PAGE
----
acacia wood standing

Atzei shitim omdim  lalalalala Atzei shitim omdim

That means it’s a song, but it’s also a sentence full of curiosity.

Exodus Chapter 26

טו וְעָשִׂיתָ אֶת-הַקְּרָשִׁים, לַמִּשְׁכָּן, עֲצֵי שִׁטִּים, עֹמְדִים 15 And thou shalt make the boards for the tabernacle of acacia-wood, standing up.

The standing is unusual. What does that mean?  There are many attempts of understanding this. Here are a few, but I’m going to focus on this one here:

8– OMDIM means from PREPARED trees. Medrash Tanchuma #9 on our parsha says that Yaakov planted acacia trees in Egypt and told his descendants that they should be harvested and taken along upon departure for use in the Mishkon. This has a mathematical allusion. “Hakroshim laMishkon” is the same as “Yaakov Ovinu nota lo’hem arozim b’Mitzrayim.” Another indication to this is the word “Hakroshim,” with a definitive letter Hei, the specific beams that Yaakov told them should come from the trees he planted. (Kli Yokor)

Now, there are many problems with this. I understand that it’s comforting to think that Yaakov Avinu had in mind that we would be getting out of Mitzrayim with the goal of building the Mishkan and thus need the trees, but the reality is clear to anyone who has ever visited the “wilderness”–the acacia trees are all over the place.  You don’t need to plant, cut, and especially shlepp the trees (especially since remember how they left in a hurry without having time to bake their bread, but they had time to shlepp the wood?) when you’ve got them all around you.  The midbar is not a desert in the Sahara desert model, full of sand and no life.

Here is one of my favorite renditions of the trees from the artist Ron Gang:

And here’s a photo of an acacia tree in the Sinai by the photographer Morris Alkalay.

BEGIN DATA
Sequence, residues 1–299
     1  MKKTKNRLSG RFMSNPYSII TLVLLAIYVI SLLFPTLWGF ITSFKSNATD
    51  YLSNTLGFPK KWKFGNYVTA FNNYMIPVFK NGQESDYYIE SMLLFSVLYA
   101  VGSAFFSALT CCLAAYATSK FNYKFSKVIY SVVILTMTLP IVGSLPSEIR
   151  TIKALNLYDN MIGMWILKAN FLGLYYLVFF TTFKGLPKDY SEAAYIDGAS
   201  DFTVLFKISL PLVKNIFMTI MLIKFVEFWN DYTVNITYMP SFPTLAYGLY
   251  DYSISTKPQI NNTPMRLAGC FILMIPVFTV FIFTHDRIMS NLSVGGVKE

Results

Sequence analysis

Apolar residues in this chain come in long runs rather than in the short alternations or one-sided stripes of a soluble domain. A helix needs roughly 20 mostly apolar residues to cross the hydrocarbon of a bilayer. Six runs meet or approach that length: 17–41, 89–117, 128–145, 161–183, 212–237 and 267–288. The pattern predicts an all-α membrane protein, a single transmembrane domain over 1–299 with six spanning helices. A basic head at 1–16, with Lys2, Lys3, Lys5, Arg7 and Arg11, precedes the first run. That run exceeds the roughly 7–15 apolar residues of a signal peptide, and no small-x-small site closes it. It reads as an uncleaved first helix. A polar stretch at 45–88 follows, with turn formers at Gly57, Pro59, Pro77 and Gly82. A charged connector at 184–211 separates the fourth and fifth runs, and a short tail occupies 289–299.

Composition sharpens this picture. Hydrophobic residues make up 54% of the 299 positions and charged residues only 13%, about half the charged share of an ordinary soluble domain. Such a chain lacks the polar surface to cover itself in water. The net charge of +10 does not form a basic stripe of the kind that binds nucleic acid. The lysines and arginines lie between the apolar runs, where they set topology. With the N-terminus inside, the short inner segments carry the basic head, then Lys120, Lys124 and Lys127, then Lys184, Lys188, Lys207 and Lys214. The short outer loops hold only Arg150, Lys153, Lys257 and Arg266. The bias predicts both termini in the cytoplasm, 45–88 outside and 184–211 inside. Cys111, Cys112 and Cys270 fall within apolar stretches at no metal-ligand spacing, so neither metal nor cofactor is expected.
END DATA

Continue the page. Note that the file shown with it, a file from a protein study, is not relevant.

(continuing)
Approaching Storm - Sinai Desert, North Sinai

If you look at the wood itself and how it’s used for wood-working, then this explanation of Omdim becomes very difficult:

5) Rashi and Sforno on our verse say that OMDIM teaches us that the beams should not be placed horizontally one on top of the other to create walls, but rather, they should be placed vertically, OMDIM.

This really started when I took my salad bowl down to be used on Shabbat. I noticed the beautiful design of the swirls and I realized something was off with this standing business. Here’s my bowl, a gift from Crate & Barrel (no, someone gave me the bowl, not C&B).


But maybe that is exactly the reason. The beauty of the wood is that it is has stunning patterns that swirl and change with every tree. The beauty is that it is not regular and not regulatable. So is that why this is the point, that it is against its own nature to be used in this way?


2 responses

  1. Thank you for a spark to a sermon on the verse, which is bowdlerized into a song about olive trees, so as to avoid a scatological double-entendre.

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